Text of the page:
Rise of dinosaurs reveals major body-size transitions are driven by passive processes of trait evolution.
- Proceedings. Biological sciences / The Royal Society
- Published over 8 years ago
A major macroevolutionary question concerns how long-term patterns of body-size evolution are underpinned by smaller scale processes along lineages. One outstanding long-term transition is the replacement of basal therapsids (stem-group mammals) by archosauromorphs, including dinosaurs, as the dominant large-bodied terrestrial fauna during the Triassic (approx. 252-201 million years ago). This landmark event preceded more than 150 million years of archosauromorph dominance. We analyse a new body-size dataset of more than 400 therapsid and archosauromorph species spanning the Late Permian-Middle Jurassic. Maximum-likelihood analyses indicate that Cope’s rule (an active within-lineage trend of body-size increase) is extremely rare, despite conspicuous patterns of body-size turnover, and contrary to proposals that Cope’s rule is central to vertebrate evolution. Instead, passive processes predominate in taxonomically and ecomorphologically more inclusive clades, with stasis common in less inclusive clades. Body-size limits are clade-dependent, suggesting intrinsic, biological factors are more important than the external environment. This clade-dependence is exemplified by maximum size of Middle-early Late Triassic archosauromorph predators exceeding that of contemporary herbivores, breaking a widely-accepted ‘rule’ that herbivore maximum size greatly exceeds carnivore maximum size. Archosauromorph and dinosaur dominance occurred via opportunistic replacement of therapsids following extinction, but were facilitated by higher archosauromorph growth rates.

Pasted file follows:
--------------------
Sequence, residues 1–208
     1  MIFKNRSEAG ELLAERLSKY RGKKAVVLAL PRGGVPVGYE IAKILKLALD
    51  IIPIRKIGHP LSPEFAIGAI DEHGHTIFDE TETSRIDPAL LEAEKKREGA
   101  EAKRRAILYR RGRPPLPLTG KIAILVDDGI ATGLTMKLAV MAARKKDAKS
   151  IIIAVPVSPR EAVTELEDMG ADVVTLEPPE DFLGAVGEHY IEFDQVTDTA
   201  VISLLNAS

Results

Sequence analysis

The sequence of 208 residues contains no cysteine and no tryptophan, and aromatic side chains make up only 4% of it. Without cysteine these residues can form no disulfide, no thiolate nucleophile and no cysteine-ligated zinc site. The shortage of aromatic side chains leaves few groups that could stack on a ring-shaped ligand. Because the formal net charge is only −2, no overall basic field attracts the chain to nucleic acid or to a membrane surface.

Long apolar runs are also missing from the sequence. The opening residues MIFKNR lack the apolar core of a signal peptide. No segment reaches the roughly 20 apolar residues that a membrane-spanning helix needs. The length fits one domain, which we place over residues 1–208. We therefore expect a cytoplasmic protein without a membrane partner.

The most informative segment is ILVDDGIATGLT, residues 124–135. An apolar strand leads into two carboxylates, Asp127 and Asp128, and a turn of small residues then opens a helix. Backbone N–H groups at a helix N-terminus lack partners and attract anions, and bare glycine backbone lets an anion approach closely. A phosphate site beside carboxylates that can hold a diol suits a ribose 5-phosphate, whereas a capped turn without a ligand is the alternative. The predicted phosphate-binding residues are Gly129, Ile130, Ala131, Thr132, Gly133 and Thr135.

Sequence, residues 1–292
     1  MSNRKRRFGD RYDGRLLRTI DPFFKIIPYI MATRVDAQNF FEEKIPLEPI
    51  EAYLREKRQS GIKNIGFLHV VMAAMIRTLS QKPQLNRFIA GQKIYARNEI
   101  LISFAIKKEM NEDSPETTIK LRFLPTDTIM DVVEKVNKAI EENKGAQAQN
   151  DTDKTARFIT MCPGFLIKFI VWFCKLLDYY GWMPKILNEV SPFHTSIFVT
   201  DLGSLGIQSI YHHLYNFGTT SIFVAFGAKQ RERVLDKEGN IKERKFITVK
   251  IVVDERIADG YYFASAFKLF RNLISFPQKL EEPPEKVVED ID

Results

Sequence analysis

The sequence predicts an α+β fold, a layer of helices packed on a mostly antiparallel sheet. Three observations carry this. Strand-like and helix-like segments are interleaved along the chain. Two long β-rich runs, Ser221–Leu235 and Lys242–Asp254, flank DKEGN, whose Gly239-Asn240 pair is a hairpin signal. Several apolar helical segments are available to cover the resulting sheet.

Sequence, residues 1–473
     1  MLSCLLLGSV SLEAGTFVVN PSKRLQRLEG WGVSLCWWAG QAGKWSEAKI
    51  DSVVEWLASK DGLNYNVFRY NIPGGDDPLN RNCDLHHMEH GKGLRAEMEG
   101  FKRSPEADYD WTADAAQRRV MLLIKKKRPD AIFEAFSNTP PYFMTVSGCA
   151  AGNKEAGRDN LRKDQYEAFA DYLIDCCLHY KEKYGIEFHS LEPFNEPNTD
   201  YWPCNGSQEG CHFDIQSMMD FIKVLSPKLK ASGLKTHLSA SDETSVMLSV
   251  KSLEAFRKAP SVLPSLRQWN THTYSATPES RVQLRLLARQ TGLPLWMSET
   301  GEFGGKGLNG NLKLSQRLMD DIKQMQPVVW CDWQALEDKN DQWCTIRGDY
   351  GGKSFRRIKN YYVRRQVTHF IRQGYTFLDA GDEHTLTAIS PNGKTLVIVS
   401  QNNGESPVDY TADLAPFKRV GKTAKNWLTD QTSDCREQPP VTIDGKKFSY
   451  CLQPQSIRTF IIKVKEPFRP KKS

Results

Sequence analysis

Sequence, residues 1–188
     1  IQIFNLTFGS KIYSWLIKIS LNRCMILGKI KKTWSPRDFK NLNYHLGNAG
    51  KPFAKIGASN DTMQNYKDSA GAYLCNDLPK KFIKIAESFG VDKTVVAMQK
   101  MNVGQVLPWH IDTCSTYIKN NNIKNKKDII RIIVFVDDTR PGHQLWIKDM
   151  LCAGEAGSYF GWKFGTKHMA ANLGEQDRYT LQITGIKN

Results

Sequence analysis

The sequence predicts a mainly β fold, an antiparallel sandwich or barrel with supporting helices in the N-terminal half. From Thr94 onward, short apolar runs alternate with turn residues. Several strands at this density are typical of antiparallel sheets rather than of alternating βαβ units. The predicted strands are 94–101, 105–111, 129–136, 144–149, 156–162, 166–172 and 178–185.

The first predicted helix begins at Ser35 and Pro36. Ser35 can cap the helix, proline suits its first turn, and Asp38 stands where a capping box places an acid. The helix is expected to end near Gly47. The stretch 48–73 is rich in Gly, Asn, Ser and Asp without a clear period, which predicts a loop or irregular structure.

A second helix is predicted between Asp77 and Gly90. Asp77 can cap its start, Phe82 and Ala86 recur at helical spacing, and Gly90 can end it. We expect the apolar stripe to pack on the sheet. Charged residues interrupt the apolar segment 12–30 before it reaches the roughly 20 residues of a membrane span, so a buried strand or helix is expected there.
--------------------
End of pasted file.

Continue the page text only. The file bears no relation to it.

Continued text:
Anomodontia was the most successful herbivorous clade of the mammalian stem lineage (non-mammalian synapsids) during the late Permian and Early Triassic. Among anomodonts, Dicynodontia stands apart because of the presence of an osseous beak that shows evidence of the insertion of a cornified sheath, the ramphotheca. In this study, fourteen anomodont specimens were microCT-scanned and their trigeminal canals reconstructed digitally to understand the origin and evolution of trigeminal nerve innervation of the ramphotheca. We show that the pattern of innervation of the anomodont “beak” is more similar to that in chelonians (the nasopalatine branch is enlarged and innervates the premaxillary part of the ramphotheca) than in birds (where the nasopalatine and maxillary branches play minor roles). The nasopalatine branch is noticeably enlarged in the beak-less basal anomodont Patranomodon, suggesting that this could be an anomodont or chainosaur synapomorphy. Our analyses suggest that the presence or absence of tusks and postcanine teeth are often accompanied by corresponding variations of the rami innervating the caniniform process and the alveolar region, respectively. The degree of ossification of the canal for the nasal ramus of the ophthalmic branch also appears to correlate with the presence of a nasal boss. The nasopalatine canal is absent from the premaxilla in the Bidentalia as they uniquely show a large plexus formed by the internal nasal branch of the maxillary canal instead. The elongated shape of this plexus in Lystrosaurus supports the hypothesis that the rostrum evolved as an elongation of the subnarial region of the snout. Finally, the atrophied and variable aspect of the trigeminal canals in Myosaurus supports the hypothesis that this genus had a reduced upper ramphotheca.